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A new guide offers advice for navigating barriers to successful science communication

Getting to the Heart of Science Communication: A Guide to Effective Engagement

Faith Kearns
Island Press
280 pp.
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“If it disagrees with experiment, it’s wrong,” argued Richard Feynman in 1964 (1). “It doesn’t make any difference how beautiful your guess is, it doesn’t make any difference how smart you are, who made the guess, or what his name is.” While this may indeed be true of a scientific theory, the effective communication of that theory to a broader audience is a bit more complicated. Building on such predecessors as The Craft of Science Writing and Escape from the Ivory Tower, in Getting to the Heart of Science Communication, Faith Kearns reminds readers that how a scientist presents his or her research can drastically affect how people outside of academia think, and especially how they feel, about a given topic (2, 3).

The book offers a view from the front lines of science communication, profiling practitioners who explain their journeys and share stories of relationship building and community engagement. Framing herself as a scientist turned science communicator, Kearns describe her vision for the future of the field, one in which relational communication is fundamental.

In Part I, Kearns describes the evolution of science communication, highlighting a 1951 Science article by William Hewitt (4) that established a road map for the future of scientific communication. Hewitt argued for creation of a field of science communicators who would be charged with organizing the rapidly expanding body of research to establish productive communication channels between scientists and the public. Kearns describes this vision as prescient while noting that contemporary discussions about science communication often overprioritize finding ways to encourage or incentivize senior scientists to communicate about their work.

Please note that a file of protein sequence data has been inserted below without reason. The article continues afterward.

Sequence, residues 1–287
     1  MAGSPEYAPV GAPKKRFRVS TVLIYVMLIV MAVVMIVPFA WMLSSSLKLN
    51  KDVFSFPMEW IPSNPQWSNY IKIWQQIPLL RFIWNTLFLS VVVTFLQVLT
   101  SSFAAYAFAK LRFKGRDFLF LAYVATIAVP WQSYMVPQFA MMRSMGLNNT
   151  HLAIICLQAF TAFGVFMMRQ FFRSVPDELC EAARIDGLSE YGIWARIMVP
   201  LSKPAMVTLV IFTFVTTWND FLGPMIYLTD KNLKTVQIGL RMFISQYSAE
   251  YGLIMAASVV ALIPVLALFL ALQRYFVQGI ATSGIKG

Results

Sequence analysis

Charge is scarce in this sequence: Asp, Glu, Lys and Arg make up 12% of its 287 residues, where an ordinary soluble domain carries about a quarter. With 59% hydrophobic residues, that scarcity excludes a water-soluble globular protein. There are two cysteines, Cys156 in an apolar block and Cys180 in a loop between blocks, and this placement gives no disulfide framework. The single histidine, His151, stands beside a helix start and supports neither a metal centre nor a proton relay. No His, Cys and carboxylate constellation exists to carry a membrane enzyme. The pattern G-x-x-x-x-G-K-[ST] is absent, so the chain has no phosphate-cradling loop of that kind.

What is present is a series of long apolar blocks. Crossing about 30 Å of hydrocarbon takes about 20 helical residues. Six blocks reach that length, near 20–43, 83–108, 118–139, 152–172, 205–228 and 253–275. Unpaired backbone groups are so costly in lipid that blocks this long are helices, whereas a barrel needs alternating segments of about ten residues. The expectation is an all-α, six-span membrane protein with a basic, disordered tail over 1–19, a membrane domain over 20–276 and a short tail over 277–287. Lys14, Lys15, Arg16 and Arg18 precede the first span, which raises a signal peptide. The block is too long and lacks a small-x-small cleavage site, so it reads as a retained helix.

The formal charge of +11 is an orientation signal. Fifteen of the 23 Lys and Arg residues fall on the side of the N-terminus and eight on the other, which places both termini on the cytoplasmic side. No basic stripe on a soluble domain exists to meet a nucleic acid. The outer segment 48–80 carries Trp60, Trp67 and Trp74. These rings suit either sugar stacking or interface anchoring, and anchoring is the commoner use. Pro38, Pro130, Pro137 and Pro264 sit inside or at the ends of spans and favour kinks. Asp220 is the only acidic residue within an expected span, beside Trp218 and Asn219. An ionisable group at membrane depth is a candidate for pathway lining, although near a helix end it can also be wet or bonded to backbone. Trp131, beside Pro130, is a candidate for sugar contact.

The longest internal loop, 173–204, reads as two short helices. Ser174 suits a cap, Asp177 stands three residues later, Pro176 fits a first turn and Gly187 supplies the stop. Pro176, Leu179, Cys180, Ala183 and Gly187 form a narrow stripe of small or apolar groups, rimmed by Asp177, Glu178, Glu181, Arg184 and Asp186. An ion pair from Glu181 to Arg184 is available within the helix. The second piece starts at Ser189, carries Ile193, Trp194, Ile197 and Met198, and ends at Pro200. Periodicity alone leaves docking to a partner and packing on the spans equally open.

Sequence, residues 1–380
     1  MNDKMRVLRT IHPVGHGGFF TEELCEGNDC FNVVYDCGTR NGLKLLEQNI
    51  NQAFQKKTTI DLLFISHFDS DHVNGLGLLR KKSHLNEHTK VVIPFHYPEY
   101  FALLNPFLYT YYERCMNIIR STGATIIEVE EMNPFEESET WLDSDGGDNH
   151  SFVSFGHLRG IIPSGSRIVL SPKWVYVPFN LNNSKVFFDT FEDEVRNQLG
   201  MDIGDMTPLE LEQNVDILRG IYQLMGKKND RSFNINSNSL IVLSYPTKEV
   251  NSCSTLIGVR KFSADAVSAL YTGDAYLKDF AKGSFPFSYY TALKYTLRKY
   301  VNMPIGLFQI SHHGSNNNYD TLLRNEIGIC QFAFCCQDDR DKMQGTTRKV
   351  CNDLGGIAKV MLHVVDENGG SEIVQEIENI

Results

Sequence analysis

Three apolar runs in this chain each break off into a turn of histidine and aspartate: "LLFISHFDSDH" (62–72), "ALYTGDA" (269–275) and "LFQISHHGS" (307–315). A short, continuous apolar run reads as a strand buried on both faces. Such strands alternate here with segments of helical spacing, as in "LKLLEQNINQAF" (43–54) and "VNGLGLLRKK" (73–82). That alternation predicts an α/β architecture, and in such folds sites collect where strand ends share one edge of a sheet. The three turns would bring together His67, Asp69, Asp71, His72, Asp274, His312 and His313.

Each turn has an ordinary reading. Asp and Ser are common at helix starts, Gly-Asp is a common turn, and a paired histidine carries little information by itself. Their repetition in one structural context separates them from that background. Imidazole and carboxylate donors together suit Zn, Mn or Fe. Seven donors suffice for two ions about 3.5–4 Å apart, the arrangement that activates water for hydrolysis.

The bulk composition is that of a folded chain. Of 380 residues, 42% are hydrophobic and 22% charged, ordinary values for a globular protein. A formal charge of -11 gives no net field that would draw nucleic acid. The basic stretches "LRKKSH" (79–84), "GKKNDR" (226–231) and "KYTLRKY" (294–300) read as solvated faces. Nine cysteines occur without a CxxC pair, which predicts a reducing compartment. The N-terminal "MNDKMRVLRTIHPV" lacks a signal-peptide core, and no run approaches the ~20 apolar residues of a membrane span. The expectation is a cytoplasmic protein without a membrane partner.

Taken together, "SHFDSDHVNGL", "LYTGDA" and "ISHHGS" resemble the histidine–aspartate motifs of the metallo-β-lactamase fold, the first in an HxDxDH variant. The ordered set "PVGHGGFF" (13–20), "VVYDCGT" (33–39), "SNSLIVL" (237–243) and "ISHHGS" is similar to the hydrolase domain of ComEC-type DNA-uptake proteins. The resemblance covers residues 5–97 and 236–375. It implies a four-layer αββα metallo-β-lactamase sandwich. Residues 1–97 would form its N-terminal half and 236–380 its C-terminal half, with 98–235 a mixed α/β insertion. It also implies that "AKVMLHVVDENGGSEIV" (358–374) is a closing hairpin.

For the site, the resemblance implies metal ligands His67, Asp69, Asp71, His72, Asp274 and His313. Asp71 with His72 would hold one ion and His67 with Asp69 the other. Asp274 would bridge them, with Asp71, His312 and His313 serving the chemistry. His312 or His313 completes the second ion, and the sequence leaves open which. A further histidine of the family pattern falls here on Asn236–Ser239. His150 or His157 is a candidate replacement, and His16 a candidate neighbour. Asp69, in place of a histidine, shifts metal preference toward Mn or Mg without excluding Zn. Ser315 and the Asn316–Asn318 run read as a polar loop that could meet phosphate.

Turning her attention to those who do pursue scientific communication as a career, Kearns notes that many such individuals are not in tenured positions and suggests that more infrastructure is needed to support this growing community. Institutions of higher education claim to value the role of public scholarship and engagement, she argues, and if that is the case, they should defend science communicators when they come under fire, just as they reap the rewards when communication efforts
are successful.

In the book’s second section, Kearns focuses on relational tools of communication, including how to listen, work through conflict, and understand trauma. She notes that in situations where emotions, conflict, and power are salient to communication, communicating effectively requires the cultivation of relationships and the use of tools such as listening and empathizing.

Kearns argues that, until recently, scientists had mostly taken an agnostic approach to the identity of the communicator. She explains why this is worth rethinking, demonstrating how factors such as race, gender, sexuality, age, ability, class, and power can influence who asks questions, what questions they ask, and who benefits from the information being disseminated.

The book closes with Kearns’s vision of what science communication can be, including how we can ensure that it is equitable, inclusive, and just and that communicators emphasize self-care and collective care. She encourages those who engage in this work to prioritize their emotional and physical selves and to incorporate practices such as establishing boundaries, taking time for reflection, and making space for joy.

Kearns correctly highlights that there remains a disconnect between doing science well and communicating science well. However, I would have liked to have seen more engagement with the realities that can undermine effective communication, including the tenure incentive structure and time constraints experienced by academic scientists.

It is possible that, as the science communication community grows, a plurality of communication efforts will need to be valued and incentivized, but it is worth making the effort to do so now. If these challenges can be addressed, and future scientists learn how to effectively communicate their work, it is more than the lay community that stands to benefit. Scientists themselves will gain valuable insights by engaging in conversations with the people and communities that they hope to help.

References and Notes:
1. Project Tuva: Richard Feynman’s Messenger Lecture Series (2009);
2. S. Carpenter, Ed., The Craft of Science Writing: Selections from The Open Notebook (The Open Notebook, 2020).
3. N. Baron, Escape from the Ivory Tower: A Guide to Making Your Science Matter (Island Press, 2010).
4. W. F. Hewitt Jr., Science 114, 134 (1951).

About the author

The reviewer is at the Department of Education Reform and Department of Psychology, University of Arkansas, Fayetteville, AR 72701, USA.